In the past 12 months, there has been a lot of changes in the world of web design...
Growing popularity in the mobile device space — including smartphones and tablets like the iPad — have refined the way many users access and interact with content.
Likewise, the formal adoption of web standards like HTML5, web fonts and CSS3 by browser makers means that more and more users are now able to take advantage of the latest and greatest features on the web.
It’s often tough for small businesses to stay up on the latest web design trends because of the cost involved with redesigns and the necessity of being accessible by a broad range of users. Still, there are some great web design trends from 2010 and leading into 2011 that small businesses should consider incorporating into their sites.
We’ve already written about some of the aesthetic web design trends that small businesses should keep an eye on, so this list is more about some of the technological trends taking place in the world of web design.
1. Lose the Flash
Regardless of where you stand in the war over Flash, the fact remains that more and more sites and web developers are moving away from Flash-only solutions for video, animation and navigation.
The fact is, Flash is not accessible on most mobile devices. Even the mobile devices that do support Flash don’t support each element reliably. As a customer, there is nothing worse than visiting a website from my mobile phone and finding out I am unable to access the contact information, list of products and services or location information because the navigation or core content was built in Flash.
Flash is a great tool for certain types of work, such as sites that can capture audio or video, do complex animations or run web games. If you’re still using an old circa-2005 Flash template, 2011 might be a good time to upgrade to something more modern.
2. Web Fonts
Typography is an important — I would argue crucial — component of any web design. Historically, customizing the typography you use on a website has been a complicated and headache-inducing process. As a result, most designers were reduced to either using the small selection of web-safe fonts or using workarounds like text images or Flash as text replacements.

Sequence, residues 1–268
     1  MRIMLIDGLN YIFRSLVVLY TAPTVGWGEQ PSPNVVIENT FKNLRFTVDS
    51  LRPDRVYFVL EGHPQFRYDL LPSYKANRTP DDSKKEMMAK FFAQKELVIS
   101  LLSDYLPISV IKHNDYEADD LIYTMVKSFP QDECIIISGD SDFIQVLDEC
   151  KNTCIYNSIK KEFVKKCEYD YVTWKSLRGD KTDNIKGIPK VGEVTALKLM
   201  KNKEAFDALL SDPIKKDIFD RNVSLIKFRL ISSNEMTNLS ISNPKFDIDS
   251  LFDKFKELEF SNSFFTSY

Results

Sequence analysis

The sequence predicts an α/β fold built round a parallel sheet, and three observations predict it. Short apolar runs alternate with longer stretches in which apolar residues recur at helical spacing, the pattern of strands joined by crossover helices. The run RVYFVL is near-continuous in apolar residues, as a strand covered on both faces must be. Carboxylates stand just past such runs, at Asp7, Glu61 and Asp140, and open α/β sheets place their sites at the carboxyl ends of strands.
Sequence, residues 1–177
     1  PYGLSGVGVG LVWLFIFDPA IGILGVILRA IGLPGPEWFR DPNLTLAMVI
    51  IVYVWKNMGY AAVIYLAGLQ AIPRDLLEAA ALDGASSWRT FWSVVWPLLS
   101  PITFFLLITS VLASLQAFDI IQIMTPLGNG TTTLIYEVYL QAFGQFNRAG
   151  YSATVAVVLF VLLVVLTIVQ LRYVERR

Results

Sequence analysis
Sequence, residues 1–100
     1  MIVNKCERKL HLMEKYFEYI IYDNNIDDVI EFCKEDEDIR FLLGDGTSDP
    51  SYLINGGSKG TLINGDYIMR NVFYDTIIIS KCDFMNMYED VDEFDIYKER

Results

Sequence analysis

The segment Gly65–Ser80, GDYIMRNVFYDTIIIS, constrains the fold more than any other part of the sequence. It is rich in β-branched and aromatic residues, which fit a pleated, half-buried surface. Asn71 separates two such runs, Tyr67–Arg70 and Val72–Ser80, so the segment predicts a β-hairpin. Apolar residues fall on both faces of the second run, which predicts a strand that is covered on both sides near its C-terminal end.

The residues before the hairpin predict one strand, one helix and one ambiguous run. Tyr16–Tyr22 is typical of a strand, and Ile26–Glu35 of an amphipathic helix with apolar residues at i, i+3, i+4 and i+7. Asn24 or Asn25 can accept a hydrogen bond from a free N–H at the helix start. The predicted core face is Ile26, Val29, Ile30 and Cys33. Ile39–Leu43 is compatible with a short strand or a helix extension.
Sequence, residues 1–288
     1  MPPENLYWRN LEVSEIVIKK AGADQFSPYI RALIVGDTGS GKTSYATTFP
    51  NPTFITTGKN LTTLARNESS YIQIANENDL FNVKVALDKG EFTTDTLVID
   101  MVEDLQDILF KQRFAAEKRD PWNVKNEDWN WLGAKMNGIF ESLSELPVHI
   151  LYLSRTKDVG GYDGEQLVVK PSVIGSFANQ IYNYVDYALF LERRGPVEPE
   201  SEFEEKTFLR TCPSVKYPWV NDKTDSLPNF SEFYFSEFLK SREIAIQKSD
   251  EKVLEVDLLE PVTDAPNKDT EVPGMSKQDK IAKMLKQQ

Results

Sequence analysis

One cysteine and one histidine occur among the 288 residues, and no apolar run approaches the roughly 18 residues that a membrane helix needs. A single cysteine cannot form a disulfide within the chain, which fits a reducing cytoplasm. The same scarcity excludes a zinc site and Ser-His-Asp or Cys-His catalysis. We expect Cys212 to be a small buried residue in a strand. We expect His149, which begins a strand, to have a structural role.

The good news is that in the past 12 months, the situation with fonts and the web has improved quite a bit. Thanks to services like TypeKit, Fonts.com Web Fonts and Google Web Fonts, it’s now possible to use web fonts on your own site with very little effort, for either free or very nominal costs.
You can also check out some of the latest trends in web fonts.
3. Mobile Compatible/Optimized Sites
More and more websites — big and small — are taking the time to make their sites small screen friendly. Having a mobile compatible or mobile optimized website means that not only will your site load faster over cellular data connections but that content will be better formatted for the screens of smaller devices, making it easier to access and understand.
As smartphone adoption continues to soar, more and more of our online time is spent on our phones. For small businesses, making sure that that experience is fast and pleasant can be a great way to improve your website’s effectiveness.
There are a slew of tools and services that make it easy to optimize your website for mobile devices.
4. Inspired By Tumblr
The popular microblogging platform Tumblr () is a great way to quickly & easily post updates, share content and garner direct visitor feedback. Tumblr has become a really popular platform and more and more small businesses are using it for their own company blogs or sites.
And while Tumblr has some great themes geared toward small business users, Tumblr itself is also having a pretty big impact on web design as a whole.
Even if you don’t use Tumblr for your company website or blog, you can incorporate elements of the Tumblr style — distinctive icons for post type, big, beautiful typography for titles and headings, and a minimalist layout.
5. Touches of the Future: HTML5 and CSS3
As stated in the introduction, it can be difficult for small businesses that aren’t in a design-related field to adopt many of the cutting-edge web design trends for fear of shutting out parts of their potential audience.
At this stage, it’s OK to experiment with HTML5 or CSS3 elements on your small business website.
The great thing is, it’s possible to use techniques that will offer an enhanced view on modern browsers but degrade elegantly on systems that don’t support the latest and greatest. There are even some great projects that make it easier to get started.
source: CHRISTINA WARREN, MASHABLE